Suppose they are looking for a McGuffin that they've heard about and they want.  How does that translate into the creatures of the dungeon knowing that the party is coming?  Or what day?  How is it these creatures are so darned ready?  Is the McGuffin really of equal importance to everyone in this situation?

The only real 'theme' that I concentrate on is making the situation very alien to the players.  This puts them off balance - like getting the car in Disneyland that keeps jumping the rails, scaring the hell out of the players more than the pretend ghosts can.

Perhaps there is an essay there.  I must give it more thought.




7 comments:

Doug said...

I read somewhere that the dungeon experience was fundamentally different from the "waking world" experience because the act of entering the dungeon was an act of leaving the real world behind so as to encounter the "other." I'm sure I've messed up the metaphor, but the point remains: Dungeons are fundamentally different from the normal world (even in a fantasy realm).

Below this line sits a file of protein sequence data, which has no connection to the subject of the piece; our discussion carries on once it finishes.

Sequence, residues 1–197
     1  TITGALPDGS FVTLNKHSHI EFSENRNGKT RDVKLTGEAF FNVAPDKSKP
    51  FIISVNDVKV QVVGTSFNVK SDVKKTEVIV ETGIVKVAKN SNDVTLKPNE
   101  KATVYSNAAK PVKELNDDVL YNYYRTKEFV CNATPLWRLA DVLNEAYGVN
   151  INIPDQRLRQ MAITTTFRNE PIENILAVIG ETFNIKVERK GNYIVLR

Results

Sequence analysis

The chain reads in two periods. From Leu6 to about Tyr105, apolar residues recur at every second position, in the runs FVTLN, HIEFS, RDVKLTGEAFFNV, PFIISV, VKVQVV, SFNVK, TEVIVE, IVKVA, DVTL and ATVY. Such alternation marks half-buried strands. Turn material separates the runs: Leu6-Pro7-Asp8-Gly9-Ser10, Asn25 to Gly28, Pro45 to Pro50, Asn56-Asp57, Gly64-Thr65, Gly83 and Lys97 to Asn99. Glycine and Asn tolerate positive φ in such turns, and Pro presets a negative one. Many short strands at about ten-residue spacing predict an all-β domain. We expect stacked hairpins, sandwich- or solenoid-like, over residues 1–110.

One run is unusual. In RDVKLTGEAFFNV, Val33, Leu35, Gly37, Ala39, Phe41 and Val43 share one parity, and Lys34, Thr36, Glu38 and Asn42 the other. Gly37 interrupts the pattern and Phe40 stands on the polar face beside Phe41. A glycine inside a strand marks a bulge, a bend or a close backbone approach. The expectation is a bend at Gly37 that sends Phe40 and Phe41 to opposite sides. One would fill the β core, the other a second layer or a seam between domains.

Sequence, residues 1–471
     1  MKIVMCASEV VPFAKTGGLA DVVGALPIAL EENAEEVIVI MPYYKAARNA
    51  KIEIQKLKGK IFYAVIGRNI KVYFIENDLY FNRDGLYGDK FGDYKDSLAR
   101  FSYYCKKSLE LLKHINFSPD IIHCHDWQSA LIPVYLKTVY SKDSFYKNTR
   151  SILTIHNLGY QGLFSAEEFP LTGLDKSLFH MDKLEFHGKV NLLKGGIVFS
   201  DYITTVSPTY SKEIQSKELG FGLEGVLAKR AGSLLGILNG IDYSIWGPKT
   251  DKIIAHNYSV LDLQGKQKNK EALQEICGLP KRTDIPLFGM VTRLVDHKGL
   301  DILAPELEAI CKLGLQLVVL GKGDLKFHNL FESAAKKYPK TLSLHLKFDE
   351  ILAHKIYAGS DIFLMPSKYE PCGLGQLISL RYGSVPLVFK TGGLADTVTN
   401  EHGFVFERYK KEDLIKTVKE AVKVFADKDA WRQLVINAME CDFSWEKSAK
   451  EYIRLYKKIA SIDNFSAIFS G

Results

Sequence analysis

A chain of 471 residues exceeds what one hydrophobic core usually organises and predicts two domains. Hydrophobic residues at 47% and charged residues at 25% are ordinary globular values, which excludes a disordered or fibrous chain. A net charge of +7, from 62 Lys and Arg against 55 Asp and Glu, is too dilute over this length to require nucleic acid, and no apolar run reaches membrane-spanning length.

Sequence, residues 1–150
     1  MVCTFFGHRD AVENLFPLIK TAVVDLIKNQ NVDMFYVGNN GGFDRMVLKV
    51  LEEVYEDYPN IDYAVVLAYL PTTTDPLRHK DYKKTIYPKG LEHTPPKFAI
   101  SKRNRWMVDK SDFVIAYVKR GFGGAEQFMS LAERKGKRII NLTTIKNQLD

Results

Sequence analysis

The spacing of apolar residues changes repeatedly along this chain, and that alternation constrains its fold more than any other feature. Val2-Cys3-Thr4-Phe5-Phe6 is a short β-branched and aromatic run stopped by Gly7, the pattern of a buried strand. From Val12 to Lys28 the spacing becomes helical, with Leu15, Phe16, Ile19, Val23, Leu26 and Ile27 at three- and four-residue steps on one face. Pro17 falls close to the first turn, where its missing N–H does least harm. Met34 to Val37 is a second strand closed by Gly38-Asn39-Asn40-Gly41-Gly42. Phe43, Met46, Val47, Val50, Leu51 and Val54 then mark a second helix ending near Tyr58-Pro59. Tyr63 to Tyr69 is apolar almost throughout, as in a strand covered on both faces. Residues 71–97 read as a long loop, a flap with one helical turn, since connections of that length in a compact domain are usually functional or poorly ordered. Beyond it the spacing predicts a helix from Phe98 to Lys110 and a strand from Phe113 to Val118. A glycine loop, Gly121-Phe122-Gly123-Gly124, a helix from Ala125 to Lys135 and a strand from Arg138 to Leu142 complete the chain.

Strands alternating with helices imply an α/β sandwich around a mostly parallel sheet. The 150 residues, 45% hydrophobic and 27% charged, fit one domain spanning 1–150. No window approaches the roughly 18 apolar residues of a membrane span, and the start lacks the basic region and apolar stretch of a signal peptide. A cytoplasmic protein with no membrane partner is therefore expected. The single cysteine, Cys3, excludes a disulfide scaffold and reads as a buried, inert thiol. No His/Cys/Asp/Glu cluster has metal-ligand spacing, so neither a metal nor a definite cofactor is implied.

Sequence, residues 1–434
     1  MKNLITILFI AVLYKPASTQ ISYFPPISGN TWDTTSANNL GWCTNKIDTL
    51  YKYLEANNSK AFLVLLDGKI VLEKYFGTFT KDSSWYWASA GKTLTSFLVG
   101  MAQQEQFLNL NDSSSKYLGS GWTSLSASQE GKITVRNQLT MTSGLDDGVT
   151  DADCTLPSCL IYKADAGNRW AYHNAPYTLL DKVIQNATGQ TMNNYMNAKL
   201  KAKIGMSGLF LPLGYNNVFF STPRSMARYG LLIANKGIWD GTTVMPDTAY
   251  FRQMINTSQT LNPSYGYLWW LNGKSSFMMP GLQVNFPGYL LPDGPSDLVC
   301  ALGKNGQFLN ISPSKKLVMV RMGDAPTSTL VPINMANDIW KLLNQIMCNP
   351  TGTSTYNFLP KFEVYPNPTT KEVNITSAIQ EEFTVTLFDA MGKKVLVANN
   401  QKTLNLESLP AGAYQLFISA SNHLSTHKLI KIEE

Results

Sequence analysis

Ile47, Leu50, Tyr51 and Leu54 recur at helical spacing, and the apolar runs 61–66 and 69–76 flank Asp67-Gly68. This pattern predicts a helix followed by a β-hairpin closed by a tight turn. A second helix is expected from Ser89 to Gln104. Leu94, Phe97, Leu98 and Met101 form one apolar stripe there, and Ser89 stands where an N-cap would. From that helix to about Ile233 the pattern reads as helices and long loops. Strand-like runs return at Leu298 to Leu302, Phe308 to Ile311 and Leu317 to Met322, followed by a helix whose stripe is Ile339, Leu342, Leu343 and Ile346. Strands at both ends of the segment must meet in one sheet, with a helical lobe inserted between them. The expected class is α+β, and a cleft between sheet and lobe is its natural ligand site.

You've even mentioned that yourself, as the idea of "consequences" is altered because of the trade-off in the sandbox approach. Go into the dungeon and get your choices limited, but be rewarded with stuff and not have to worry about ramifications of killing the inhabitants.

So entering the underworld/dungeon/other realm SHOULD be alien. I want the players to be happy to get back to town with their loot and stories. And if I can get them to miss the daylight and fresh air, so much the better.

Spazalicious Chaos said...

There is a way to describe your method- iterations. Putting Down Roots is just one of many such articles that you have written that use a simple four step process:
1- establish the basic scene
2- establish who comes upon the scene, and what they would do
3- establish the consequences of actions taken in terms of how the scene is altered